According to a recent report from Harvard’s Joint Center of Housing Studies, rental market conditions in the United States have changed fundamentally since the Great Recession, according to America’s Rental Housing 2020, a new report published January 30, 2020. The reports hows how it has become harder than ever for middle-income Americans to pay the rent. [Interactive Chart]
In Texas the report shows that the number of households that were moderately or severely housing cost burdened has grown from 1.3 million in 2008 to over 1.7 million by 2018. Moderately cost-burdened households are spending somewhere between 30 percent and 50 percent of their household income on rent and other housing costs while those in the severely cost-burdened category are spending 50 percent or more of their income on housing costs.
The Texas Tribune reports in an interview with Whitney Airgood-Obrycki, a research associate at the Joint Center for Housing Studies, that the number of renter households in Texas is growing at twice the rate of other states. In addition, while housing is being built at a record pace, almost none of it falls in what could be described as “affordable housing.” Airgood-Obrycki observed that almost all of the new housing stock is high-end.
The report shows that the demographic profile of renters is changing rapidly. Households with incomes of $75,000 and above accounted for more than three-quarters of the growth in renters (3.2 million) from 2010 to 2018. This shift has significantly altered the profile of the typical renter household and, nationwide, a growing number of renters with incomes between $30,000 and $75,000 are now cost-burdened (i.e. paying more than 30 percent of their income for housing).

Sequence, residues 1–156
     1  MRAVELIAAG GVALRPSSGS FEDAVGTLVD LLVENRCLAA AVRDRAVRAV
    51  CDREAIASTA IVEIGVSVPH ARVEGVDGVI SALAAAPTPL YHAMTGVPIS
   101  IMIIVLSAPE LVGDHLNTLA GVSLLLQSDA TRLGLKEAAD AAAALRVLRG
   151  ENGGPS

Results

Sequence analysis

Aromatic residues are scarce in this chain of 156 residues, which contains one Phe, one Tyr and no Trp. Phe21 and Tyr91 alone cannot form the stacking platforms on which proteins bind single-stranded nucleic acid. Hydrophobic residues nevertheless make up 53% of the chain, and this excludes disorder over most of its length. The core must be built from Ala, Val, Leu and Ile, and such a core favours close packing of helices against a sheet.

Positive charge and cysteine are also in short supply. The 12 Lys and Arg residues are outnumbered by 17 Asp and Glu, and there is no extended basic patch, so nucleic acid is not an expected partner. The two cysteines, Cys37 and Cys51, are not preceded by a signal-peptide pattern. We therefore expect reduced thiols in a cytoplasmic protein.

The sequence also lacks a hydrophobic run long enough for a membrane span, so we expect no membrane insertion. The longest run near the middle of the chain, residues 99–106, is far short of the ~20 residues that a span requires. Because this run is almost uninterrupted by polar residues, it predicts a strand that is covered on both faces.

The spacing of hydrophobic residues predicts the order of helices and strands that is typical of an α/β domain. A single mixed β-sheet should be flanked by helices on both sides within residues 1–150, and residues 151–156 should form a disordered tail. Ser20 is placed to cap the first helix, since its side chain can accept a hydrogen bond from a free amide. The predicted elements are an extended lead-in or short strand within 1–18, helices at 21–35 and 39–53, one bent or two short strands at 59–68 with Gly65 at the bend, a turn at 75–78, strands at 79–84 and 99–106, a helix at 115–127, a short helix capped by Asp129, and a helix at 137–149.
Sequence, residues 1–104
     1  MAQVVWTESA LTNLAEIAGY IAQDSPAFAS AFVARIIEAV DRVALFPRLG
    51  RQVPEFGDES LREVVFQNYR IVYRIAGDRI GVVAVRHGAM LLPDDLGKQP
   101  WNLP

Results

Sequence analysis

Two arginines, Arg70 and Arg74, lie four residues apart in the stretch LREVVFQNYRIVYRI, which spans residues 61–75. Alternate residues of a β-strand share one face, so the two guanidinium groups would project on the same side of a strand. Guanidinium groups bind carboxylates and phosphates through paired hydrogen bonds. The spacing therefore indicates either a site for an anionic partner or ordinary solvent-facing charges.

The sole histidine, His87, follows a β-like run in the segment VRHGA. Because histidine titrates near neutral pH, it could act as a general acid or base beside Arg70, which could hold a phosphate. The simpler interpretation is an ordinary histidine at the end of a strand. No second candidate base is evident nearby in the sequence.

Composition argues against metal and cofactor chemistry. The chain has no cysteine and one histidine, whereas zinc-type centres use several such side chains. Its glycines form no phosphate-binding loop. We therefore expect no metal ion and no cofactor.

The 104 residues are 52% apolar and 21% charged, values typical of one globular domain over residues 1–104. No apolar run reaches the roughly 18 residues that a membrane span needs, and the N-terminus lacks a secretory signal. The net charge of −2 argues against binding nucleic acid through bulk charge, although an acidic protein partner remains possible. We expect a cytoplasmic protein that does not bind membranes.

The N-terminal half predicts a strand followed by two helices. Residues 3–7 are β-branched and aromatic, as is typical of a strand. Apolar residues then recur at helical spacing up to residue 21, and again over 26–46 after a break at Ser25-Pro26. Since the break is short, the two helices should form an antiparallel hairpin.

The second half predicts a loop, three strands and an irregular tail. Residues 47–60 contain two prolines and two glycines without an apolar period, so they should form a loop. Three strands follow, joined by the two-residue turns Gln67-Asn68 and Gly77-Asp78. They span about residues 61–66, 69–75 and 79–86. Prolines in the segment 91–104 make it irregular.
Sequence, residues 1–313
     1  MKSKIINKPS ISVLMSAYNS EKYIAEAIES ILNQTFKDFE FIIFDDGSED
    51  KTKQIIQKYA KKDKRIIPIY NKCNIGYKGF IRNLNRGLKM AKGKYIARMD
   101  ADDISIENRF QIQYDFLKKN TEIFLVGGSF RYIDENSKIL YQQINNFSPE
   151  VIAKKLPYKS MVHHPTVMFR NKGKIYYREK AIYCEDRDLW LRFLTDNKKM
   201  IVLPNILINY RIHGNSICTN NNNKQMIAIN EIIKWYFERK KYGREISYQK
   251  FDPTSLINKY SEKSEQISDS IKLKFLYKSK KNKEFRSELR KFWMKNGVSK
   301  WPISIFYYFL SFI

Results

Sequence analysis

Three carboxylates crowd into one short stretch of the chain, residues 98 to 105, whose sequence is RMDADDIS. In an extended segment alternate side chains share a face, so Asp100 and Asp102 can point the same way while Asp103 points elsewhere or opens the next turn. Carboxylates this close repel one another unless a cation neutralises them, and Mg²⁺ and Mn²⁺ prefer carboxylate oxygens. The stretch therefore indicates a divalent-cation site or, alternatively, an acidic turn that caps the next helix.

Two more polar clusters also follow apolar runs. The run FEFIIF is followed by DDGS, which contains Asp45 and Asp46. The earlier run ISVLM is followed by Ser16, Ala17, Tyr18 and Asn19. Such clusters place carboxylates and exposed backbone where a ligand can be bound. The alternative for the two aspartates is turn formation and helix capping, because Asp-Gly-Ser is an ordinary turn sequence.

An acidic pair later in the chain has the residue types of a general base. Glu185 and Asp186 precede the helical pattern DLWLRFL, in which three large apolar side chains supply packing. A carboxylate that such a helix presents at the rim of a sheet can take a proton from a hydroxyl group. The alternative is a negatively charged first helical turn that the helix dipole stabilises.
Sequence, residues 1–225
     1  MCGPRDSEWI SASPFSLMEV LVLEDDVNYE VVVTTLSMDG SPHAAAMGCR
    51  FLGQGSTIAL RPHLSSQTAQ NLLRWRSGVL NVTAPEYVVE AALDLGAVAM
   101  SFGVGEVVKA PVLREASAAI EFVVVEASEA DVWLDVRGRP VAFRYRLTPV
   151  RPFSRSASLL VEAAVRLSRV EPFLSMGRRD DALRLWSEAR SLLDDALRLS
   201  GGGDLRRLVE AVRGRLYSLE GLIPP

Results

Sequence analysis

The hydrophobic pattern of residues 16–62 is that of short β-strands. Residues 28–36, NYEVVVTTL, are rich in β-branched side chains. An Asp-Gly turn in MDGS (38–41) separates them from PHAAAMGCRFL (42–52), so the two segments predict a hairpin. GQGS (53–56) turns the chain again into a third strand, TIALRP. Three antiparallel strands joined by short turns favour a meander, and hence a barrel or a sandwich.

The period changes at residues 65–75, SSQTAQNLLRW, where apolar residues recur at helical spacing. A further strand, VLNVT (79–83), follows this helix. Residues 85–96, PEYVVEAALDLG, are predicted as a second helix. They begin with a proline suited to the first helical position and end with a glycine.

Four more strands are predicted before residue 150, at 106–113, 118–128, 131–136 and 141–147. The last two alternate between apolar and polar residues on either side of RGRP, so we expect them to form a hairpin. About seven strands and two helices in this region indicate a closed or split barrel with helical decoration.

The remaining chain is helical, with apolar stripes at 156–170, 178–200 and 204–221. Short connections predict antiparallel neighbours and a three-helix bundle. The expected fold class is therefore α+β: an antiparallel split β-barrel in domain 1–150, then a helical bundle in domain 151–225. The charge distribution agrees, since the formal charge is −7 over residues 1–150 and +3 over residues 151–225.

Airgood-Obrycki tells the Texas Tribune that Dallas is at the extreme end of a situation where almost all of the housing built is in the luxury category but with so much growth in the high-income renter households there, inventory is being scooped up at a record pace. She notes that eventually those units will trickle down to the low- and middle-income segments, but it will take a really long time. Meanwhile, low- and middle-income renters will continue to share more of the housing cost burden that will have a lifelong impact—to both residents and the overall economy.